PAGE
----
Neal Brown Feels WVU Continues to Climb
ARLINGTON, Texas (AP) — In order to compete for a Big 12 title, West Virginia must build off the past success and continue to grow going forward as a program.
Coach Neal Brown believes that growing process has begun and the Mountaineers are taking advantage of it on and off the field.
“As a program we continue to climb,” Brown said. “We’re making process.
“Off the field we just finished up $55 million worth of program enhancements that have had a positive effect and we have a lot of momentum in recruiting right now.
“We have to continue to grow and I think we are.”
There are still people who come up to West Virginia defensive tackle Dante Stills in Morgantown and think he is his older brother, Darius.
Dante Stills, who is getting ready for his senior season with a chance to be the leader of the Mountaineers defensive line, just tells them that Darius is in Las Vegas, where he will go to NFL camp later this month with the Raiders.
“Our whole lives, it’s been like that.
“People think I’m Darius and he’s Dante,” Dante said with a smile. “So it’s normal.”
The brothers are the sons of former West Virginia standout Gary Stills, who went on to play nine NFL seasons.
The 6-foot-4 Dante Stills, three inches taller than his brother, has 28 1/2 career tackles for loss, three more than Darius had at West Virginia.
WVU and the rest of the Big 12 Conference would certainly benefit from an expanded College Football Playoff and likely never be left out again.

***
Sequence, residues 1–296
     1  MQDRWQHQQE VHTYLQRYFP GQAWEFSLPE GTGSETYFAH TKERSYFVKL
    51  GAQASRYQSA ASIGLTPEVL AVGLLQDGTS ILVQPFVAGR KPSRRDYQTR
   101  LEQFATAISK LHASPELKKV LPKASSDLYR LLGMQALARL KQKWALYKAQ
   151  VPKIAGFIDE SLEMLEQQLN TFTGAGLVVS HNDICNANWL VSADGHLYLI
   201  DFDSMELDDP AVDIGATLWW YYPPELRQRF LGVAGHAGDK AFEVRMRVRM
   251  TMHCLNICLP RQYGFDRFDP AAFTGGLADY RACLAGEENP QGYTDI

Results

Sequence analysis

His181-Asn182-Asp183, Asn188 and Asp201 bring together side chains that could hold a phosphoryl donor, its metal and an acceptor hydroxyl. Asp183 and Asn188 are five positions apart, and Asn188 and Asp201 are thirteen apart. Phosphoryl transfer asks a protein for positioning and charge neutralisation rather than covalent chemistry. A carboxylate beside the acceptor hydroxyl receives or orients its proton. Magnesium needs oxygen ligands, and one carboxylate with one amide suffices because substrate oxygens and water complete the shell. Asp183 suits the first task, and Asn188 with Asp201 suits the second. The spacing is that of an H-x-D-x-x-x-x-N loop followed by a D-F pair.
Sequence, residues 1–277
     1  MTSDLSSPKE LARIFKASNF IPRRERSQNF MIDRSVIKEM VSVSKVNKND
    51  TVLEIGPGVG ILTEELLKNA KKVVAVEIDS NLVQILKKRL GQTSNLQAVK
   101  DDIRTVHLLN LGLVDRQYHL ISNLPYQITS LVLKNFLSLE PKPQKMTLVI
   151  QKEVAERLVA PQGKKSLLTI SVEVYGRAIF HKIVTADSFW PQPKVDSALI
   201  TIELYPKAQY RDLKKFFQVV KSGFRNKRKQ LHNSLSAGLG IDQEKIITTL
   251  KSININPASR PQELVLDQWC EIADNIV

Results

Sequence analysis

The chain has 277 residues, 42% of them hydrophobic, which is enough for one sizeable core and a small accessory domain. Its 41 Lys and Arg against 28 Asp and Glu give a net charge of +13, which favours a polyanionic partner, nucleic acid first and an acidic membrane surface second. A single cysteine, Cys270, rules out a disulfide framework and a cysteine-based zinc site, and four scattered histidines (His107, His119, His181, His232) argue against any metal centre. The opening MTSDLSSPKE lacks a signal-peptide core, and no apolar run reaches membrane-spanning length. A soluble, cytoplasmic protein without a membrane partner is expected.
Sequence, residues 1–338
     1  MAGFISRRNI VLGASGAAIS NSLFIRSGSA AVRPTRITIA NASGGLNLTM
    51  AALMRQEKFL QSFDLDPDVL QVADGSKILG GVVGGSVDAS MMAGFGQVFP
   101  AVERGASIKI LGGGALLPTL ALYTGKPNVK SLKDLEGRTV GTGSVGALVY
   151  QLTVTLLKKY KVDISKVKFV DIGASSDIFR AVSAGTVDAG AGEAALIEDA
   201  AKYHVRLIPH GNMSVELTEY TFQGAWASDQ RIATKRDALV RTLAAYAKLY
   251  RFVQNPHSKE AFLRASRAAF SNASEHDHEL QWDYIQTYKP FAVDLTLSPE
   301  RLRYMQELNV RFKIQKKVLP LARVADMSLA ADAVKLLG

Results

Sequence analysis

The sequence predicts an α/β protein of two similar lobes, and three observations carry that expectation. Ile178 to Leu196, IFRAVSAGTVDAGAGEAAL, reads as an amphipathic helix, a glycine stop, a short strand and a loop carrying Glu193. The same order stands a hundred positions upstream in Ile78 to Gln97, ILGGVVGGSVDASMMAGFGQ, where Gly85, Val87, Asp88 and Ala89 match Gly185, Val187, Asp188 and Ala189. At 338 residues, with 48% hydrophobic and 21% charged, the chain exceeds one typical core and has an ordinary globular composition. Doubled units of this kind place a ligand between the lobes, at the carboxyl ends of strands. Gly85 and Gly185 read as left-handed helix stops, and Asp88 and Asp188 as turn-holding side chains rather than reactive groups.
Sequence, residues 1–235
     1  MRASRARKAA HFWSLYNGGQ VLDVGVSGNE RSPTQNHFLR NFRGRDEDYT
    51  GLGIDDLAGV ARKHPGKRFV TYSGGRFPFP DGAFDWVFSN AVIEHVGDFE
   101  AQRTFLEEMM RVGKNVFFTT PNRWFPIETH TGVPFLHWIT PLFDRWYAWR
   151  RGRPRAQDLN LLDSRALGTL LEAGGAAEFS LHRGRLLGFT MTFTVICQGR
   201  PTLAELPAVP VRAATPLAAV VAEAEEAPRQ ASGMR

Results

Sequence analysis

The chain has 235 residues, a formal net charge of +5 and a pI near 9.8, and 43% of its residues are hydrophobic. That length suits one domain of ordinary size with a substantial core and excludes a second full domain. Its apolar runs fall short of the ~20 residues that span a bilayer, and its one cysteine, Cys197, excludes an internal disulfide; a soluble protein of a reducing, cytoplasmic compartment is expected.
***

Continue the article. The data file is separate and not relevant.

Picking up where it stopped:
Under the proposed 12-team format that would still be at least a couple of seasons away, six-time defending Big 12 champion Oklahoma would have been in the playoff again last season. Iowa State, which had a league-best 8-1 record in the regular season before losing its first championship game in any conference, would have become the first Big 12 team other than the Sooners to make it.
Neither the Sooners or Cyclones — picked to finish 1-2 again this season — made it under the current four-team playoff that began seven seasons ago, when Big 12 co-champions TCU and Baylor were left out after the final CFP rankings.
“I think the expansion that’s been proposed is a great start. I commend the committee that put it together because you’ve got to put yourself out there. You’ve got to start somewhere,” Oklahoma coach Lincoln Riley said Wednesday at Big 12 Media Days.
“It addressed getting the conference champions in the playoff, which has needed to happen,” he said. “It addressed a pathway for a Group of Five member to be able to get into the playoffs, which honestly hasn’t been realistic under the current system. In my mind, those are all great things.”
Oklahoma lost CFP semifinal games in 2015, 2017, 2018 and 2019, but would have made the playoff the past six seasons if there was 12-team fields.
Iowa State coach Matt Campbell said he hadn’t really reflected on the possibilities, or what could have been, but expressed the desire for a balanced approach.